Using Chromebook monitoring to help teaching partners
Another thing she likes about Highlights is being able to support her math and science teaching partner by using Chromebook monitoring. For example, when learners are supposed to be in a math test, she can help her partner by refocusing those who drift. In the past when she wasn’t at school, or had a substitute, she’d set up focused browsing. This Highlights feature allows students to open only specific pages she’s selected.
For McKinley School of the Arts teacher Stephanie Norton, just getting her seventh grade students in the virtual class doorway has been an ongoing challenge this year. She’s really leaned into the Highlights messaging feature. It allows teachers to send targeted messages to selected learners, groups or the whole class.
“Being able to send them a message that pops up on their screen as they wander on YouTube or whatever, saying, ‘Hey, you’ve got class right now,’ is really helpful.”
Michelle Kang, instructional coach at Field Elementary, shares how the Highlights messaging feature supported her classroom management when she was teaching. “When you have a quiet working environment or don’t want to interrupt the small group that you’re working with, you can send a message to a student directly without yelling, going to them or interrupting multiple people.”
Hāpara is so central to learning that it’s become a verb!
As Roper shares how Hāpara Highlights has impacted her third grade class over the past year, she uses the word “Hāpara” as a verb.
“I’ve Hāparaed them mostly all school year,” she says. Roper uses Hāpara to create a scheduled, closely guided and monitored management of student workflow.
In other school years, she’s allowed her learners more choice and room for personal exploration. Yet, early on she discovered that she would lose 25% of her students during remote learning when she tried things like having them log into different websites.
“When you’re in school, you have them in front of you, so you can monitor differently. But when you’re remote, you really have no power. Hāpara makes it so that at least I have control over some aspect of the educational system,” explains Roper.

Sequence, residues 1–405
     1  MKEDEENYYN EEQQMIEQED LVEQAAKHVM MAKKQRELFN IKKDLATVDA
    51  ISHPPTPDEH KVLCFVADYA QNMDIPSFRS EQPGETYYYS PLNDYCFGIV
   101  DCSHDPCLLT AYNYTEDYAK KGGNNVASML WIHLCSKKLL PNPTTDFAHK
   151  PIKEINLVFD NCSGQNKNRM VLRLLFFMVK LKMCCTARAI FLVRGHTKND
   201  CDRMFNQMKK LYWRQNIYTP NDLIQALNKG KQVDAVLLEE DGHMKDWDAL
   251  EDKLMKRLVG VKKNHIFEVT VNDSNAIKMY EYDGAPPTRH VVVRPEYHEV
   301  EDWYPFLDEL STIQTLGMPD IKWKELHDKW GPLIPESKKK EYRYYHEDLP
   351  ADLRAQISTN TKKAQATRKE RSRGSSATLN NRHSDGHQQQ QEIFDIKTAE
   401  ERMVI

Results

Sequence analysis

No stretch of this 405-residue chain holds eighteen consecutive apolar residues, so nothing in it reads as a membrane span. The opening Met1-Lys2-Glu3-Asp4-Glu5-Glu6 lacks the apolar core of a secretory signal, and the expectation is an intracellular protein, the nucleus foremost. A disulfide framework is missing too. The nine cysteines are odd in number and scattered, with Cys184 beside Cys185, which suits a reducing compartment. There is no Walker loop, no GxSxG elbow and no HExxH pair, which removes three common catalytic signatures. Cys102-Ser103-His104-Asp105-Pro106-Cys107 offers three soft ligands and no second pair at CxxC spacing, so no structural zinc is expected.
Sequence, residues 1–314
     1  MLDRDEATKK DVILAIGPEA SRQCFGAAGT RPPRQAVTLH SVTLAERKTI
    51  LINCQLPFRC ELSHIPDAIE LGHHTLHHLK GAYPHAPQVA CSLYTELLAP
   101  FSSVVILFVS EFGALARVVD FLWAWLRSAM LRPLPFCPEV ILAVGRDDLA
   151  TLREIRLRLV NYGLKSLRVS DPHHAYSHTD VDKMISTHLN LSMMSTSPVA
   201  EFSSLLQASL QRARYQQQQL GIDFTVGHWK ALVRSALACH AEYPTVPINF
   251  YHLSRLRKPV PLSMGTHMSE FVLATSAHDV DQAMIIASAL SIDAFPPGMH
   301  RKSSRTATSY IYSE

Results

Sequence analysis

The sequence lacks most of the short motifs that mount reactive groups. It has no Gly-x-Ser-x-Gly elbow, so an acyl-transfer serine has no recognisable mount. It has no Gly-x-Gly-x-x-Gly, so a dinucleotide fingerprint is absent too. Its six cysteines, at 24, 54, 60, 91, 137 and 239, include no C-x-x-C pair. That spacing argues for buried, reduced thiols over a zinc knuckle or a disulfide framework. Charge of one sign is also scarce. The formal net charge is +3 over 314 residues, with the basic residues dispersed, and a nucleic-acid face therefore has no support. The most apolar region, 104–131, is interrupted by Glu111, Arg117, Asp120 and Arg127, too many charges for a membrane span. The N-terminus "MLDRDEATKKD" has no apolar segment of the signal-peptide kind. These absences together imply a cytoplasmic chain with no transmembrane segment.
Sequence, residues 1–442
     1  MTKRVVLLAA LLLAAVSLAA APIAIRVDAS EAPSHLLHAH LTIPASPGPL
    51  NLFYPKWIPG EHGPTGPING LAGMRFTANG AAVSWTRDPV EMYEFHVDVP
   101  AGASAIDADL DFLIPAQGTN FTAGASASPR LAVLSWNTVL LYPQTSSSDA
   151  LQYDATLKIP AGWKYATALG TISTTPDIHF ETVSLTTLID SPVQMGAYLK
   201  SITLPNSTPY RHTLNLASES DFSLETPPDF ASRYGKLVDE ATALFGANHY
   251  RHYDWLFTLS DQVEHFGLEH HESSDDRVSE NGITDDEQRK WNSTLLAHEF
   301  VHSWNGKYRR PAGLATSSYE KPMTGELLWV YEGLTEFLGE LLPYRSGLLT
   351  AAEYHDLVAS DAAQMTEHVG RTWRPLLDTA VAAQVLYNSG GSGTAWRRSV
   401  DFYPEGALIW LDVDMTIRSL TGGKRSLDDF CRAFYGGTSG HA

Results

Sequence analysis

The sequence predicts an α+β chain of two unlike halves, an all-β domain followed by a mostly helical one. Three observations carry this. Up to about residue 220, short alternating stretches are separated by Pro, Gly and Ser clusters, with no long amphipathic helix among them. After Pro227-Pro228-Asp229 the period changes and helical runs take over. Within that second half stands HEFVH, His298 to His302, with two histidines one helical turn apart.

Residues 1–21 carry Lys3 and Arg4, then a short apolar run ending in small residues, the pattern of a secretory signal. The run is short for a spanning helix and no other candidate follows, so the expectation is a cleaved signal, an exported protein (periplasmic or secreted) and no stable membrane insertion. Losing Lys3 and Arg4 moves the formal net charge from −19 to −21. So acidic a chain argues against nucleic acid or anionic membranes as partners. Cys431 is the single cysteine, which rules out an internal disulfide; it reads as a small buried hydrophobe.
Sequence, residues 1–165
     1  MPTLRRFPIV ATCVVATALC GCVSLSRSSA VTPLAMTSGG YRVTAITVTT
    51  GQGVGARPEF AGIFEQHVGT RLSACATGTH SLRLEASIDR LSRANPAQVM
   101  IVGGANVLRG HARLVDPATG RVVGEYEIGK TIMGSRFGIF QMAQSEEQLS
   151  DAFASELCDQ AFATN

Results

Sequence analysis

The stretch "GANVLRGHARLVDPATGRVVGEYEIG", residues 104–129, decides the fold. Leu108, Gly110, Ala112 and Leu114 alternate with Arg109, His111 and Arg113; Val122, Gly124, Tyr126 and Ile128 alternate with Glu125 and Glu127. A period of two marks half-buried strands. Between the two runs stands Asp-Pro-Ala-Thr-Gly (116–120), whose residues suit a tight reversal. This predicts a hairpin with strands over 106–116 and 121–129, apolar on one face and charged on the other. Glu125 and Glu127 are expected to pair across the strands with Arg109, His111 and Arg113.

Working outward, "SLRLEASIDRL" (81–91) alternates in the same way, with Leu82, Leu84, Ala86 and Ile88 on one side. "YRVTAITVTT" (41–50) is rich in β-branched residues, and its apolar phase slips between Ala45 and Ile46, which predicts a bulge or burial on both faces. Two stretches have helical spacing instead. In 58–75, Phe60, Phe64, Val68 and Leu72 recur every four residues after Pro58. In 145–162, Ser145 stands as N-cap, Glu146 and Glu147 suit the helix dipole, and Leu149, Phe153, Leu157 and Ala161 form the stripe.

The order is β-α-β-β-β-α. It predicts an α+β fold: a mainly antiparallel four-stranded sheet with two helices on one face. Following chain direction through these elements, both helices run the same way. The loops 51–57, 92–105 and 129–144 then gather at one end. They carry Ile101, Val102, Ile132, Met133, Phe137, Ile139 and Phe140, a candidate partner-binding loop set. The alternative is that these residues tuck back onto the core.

She adds that parents whose kids are in different classes complain to her. “Why can’t all the teachers just learn how to use Hāpara? I’m tired of always getting my child off YouTube.”
For her, Highlights goes well beyond using Chromebook monitoring to protect learners online. It organizes and simplifies the school day. “It’s a ‘no brainer’ for kids and their parents. All kids had to do was open their computer, press the button and they’re in class,” she shares.
Learners in her classroom have also added “Hāparaed” to their vocabulary. “Sometimes they’ll say, ‘I’m not Hapara’ed.’ And I’ll be like, ‘Hold on a second’ and send them the link in the chat,” laughs Roper. “Or they’re like, ‘I can’t go there; I’m Hāparaed,’ when they’re denied access to a site.”
Fortunately, Highlights gives teachers the discretion to allow learners to visit a site on a case-by case-basis. This is something other monitoring tools don’t do. For example, when learners finish assigned work, Roper may allow them to watch a video.
There was one huge upside to being Haparaed throughout remote learning. That was the easy, glitch-free transition her class made into hybrid learning last month. It made her peers envious.
Nuances in using Chromebook monitoring reflects teaching style
A fine line with Chromebook monitoring